Reading Culture: Insight from a Local Policeman

9th May 2018

Photos of a few children stopping by our office to make use of the books in our library   On a recent case study with a local stakeholder, I received some insight that inspired some reflection about WIL Uganda’s impact in Busembatia. The man I was interviewing is a Police constable, Mr. Bukono, who has been in the police force for 22 years. Self-taught, he explained that he hadn’t even attended secondary school, but became a police officer and worked his way up to the senior position he has now. The phrase that struck me during the interview was when he claimed:   “For me personally I am very thankful for WIL Uganda and the reading culture you bring.” The bookshelves we have at our office are full of books ranging from educational textbooks to childrens books to teen novels, and though this isn’t one of the main services we advertise, it is always there for the community to access and make use of, and Mr. Bukono is a frequent user.   The reason the phrase stuck with me was specifically because he used the term “culture.” When you look up the word culture in a dictionary, it is often defined as the shared beliefs, practices, and values of group of people. This made me think about how the act of reading can become a part of a peoples culture: belief in the importance of reading, practicing it habitually, and valuing the role

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14th March 2017

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On the 2nd of March, WIL Uganda celebrated International World Book Day. If you mull that sentence over for a couple of times, it begins to look strange. World Book Day is not a holiday proper. It is on a par with World Pet Day. Far from everyone knows of its existence and, I submit, fewer remember the date. Reactions are usually ‘ah, is that today?’ instead of ‘Happy World Book Day!’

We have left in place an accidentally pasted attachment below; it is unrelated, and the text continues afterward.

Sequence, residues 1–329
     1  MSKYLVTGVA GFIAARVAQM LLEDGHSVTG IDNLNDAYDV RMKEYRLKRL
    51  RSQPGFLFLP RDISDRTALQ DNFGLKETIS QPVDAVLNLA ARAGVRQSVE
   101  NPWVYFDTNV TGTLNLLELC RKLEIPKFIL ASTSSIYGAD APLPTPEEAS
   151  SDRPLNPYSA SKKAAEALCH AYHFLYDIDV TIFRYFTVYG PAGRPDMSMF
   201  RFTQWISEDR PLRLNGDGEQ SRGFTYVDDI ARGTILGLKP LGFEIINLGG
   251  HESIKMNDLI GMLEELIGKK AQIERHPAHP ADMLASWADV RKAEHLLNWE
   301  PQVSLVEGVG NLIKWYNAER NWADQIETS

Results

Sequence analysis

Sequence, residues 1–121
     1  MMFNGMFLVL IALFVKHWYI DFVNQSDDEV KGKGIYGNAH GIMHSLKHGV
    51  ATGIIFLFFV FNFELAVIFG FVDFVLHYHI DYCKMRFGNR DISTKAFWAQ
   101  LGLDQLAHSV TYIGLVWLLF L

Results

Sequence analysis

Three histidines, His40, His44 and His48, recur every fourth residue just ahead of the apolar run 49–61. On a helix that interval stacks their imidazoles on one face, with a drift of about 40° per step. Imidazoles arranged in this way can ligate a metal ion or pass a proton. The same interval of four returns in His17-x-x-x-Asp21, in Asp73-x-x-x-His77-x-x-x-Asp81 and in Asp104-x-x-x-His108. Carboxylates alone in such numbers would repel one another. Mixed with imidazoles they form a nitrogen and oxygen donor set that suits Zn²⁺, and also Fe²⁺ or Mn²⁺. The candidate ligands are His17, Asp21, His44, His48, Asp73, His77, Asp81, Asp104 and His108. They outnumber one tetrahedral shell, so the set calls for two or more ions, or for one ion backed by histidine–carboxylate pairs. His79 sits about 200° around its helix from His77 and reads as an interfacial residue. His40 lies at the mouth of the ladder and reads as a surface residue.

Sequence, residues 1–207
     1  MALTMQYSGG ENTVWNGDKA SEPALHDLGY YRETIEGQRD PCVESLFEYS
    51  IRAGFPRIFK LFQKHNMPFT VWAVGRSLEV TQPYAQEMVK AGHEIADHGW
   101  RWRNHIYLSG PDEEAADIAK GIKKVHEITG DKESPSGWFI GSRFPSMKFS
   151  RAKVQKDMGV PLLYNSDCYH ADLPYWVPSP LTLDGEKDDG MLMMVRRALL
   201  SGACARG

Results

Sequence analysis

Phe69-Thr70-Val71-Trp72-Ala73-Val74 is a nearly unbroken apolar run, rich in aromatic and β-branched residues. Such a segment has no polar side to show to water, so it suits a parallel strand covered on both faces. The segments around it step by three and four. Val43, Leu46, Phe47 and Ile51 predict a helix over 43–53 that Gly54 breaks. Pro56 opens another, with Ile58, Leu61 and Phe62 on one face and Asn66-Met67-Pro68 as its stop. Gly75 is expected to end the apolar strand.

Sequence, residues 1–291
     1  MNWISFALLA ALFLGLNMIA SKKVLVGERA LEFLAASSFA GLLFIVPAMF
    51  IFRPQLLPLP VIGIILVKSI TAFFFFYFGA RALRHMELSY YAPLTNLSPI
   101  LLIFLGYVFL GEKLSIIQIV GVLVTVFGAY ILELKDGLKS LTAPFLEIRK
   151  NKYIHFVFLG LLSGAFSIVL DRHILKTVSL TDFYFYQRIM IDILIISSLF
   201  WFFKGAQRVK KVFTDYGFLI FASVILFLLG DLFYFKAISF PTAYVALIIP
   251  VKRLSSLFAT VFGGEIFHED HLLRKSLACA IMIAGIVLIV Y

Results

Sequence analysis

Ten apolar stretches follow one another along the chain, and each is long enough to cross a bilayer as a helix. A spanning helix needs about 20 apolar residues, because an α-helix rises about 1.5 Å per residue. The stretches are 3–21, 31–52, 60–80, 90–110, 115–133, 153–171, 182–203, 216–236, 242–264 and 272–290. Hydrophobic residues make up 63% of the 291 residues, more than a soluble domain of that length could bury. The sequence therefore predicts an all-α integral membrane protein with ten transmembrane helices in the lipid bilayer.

Not so in Uganda. Together with Noraly and Joseph, I picked up a group of students from Townside High School. I preach my love of books and reading here during the weekly book club that is part of the Literacy programme. While walking back to the office, I wonder. Is WBD really for us? For them? They hardly have books, there is no reading on the curriculum in schools. Could they name one Ugandan author? We make it to the office a little before 11 and show them around. Even though our event is outside, it is worth the slight delay to show them the inside: some of their pictures are on our walls. There is a mixture in the air of stolid concentration and elated excitement when they find a picture of themselves. Outside, where we have decorated the outer office with banners that Joseph whipped up, and an easel with Poppy’s delightful summary-in-drawing of Harry Potter, we explain the day’s objective. They are to read a story, in groups of 5, sum